Seattle Center Monorail 2010 - a Photo Essay
Page One of Six
Another Monorail Society Exclusive!

Commentary by Russell Noe' & Kim Pedersen

The last time we visited the Seattle Center Monorail was in August of 2001 (Seattle Center Monorail 2001 - Photo Essay). Much has happened since then and the time is right for an update. In late 2009, TMS President Kim Pedersen was contacted Russell Noe', Seattle Center Monorail's Maintenance Manager. Russ told Kim about the major rehabilitation the system was undergoing, and made an offer that could not be refused. A trip was in order. What follows is a photo essay of that trip, along with Russ's and Kim's comments.

All photos copyright The Monorail Society

Kim: Welcome to Westlake Center, Seattle, Washington. The Blue Train is seen hugging the wall of Westlake Center. The Seattle Center Monorail, despite only two stations and .9-miles of track, carries approximately 1.5 million passengers every year.
Russ: This photo shows Westlake Station. Directly below this station in the tunnel is the new LINK light rail, now connecting to Seattle-Tacoma (SeaTac) International Airport.

Kim: Looking straight up at the classic ALWEG-built Blue Train at Westlake. Look closely and you can see the horns to the left of the beam.
Russ: The discs under the Guide (side) Tires are the run-flat devices: rubber-lined steel discs that prevent excessive deflection in case of flat tires.

Kim: A quick elevator ride (or escalator) and we’re ready to board. During the quiet times of the day, tickets are purchased on board the trains. Jayme Gustilo, who has worked at the Seattle Center Monorail for 20 years, greets passengers and makes announcements with a very friendly personality.
Russ: The Seattle Center Monorail takes great pride in being friendly and customer oriented.

Kim: Before we head out towards Seattle Center, take a look at the beautifully restored interior of the Blue Train.
Russ: Blue Train is fully rebuilt and has been operating in revenue service since March 2009, after several months trouble-shooting the new systems. The following items were stripped, refurbished, replaced: All traction system bearings, bushings, drive shafts, U-joints, load spindles (new ones cast and machined), the entire pneumatic and brake system redesigned and replaced, same for the low Voltage system, including installation of 16 Programmed Logic Controllers (PLCs). Entirely new unitized air compressor systems were also designed, fabricated, and installed.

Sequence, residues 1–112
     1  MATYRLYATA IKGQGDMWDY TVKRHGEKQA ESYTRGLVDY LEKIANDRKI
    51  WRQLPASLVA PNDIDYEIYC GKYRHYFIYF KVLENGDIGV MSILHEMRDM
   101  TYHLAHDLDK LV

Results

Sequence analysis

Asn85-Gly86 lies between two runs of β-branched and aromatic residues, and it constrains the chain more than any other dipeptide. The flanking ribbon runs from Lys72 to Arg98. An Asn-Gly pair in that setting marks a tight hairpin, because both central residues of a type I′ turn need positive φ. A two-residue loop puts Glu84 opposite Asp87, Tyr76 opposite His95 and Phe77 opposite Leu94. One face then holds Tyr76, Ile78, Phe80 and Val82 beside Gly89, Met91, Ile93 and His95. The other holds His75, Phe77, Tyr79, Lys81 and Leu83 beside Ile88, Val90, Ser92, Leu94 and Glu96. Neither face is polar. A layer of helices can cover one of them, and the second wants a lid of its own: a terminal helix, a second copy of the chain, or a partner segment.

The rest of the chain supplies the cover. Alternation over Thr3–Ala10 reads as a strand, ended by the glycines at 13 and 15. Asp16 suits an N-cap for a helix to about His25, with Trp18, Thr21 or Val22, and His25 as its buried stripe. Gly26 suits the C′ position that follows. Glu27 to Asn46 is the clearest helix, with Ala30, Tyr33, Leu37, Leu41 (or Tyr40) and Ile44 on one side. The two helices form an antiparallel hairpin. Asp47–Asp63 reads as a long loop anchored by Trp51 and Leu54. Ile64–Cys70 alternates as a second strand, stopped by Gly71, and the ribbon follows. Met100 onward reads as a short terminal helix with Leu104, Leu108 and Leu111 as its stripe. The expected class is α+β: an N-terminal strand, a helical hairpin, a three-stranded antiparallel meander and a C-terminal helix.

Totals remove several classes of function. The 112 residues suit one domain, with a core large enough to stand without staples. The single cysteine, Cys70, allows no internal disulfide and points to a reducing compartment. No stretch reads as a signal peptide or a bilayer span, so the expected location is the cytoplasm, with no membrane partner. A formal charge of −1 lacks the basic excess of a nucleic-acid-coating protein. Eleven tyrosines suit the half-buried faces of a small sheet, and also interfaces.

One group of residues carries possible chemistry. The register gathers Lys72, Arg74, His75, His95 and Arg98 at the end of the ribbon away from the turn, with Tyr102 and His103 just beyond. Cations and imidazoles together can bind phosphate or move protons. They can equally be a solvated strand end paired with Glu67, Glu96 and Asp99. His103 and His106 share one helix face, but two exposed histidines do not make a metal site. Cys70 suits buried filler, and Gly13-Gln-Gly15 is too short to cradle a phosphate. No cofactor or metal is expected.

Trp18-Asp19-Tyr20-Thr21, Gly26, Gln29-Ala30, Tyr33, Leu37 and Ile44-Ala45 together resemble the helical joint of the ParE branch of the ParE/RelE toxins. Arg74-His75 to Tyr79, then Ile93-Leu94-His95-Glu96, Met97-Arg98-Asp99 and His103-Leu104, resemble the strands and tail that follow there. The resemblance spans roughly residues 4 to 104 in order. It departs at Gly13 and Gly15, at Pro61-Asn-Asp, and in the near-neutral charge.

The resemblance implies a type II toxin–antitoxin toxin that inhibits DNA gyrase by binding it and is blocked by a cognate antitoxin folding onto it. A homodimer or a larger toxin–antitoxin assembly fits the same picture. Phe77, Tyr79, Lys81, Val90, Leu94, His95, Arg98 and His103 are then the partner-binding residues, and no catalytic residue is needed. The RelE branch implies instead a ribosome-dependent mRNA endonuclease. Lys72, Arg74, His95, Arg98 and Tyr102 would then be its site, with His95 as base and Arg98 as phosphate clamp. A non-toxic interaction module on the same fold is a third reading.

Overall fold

Kim: There is that infamous and unnecessary pinched track, which resulted in the scary Seattle Scrunch if 2005. I understand Seattle Monorail Services, which holds the concession with the City of Seattle to manage and operate the monorail, has suggested rebuilding the station, both before and after the accident. Here’s hoping that track will be split again for safety reasons, as well as for increased system capacity.
Russ: The new computer operating systems on board both trains will now initiate auto-stops for several circumstances, to prevent a repeat “scrunch.” And Yes, there are proposed designs for a wider station that will equal the passenger-handling capabilities of the original Westlake Station. But we’re not holding our collective breath…

Kim: Here’s a nice look at the new driver station of the Blue Train. Our driver for this run is Sarah Yohannes.
Russ: The original drivers' stations (trolley-controller vintage) were removed and replaced with modern joy-stick controllers and touch-panel displays. Our biggest challenge was getting the new control system to work correctly with the original 1961 G.E. Control Packages and DC traction motor system. The Drivers give the new operating cabs an A+ for ease of use and effectiveness.

Kim: The Century 21 monorail now has a touch screen from Century 21.
Russ: This shows the display as the trains are sitting in the Seattle Center Station. The touch-screen “buttons” provide intuitive operation of the Trains.

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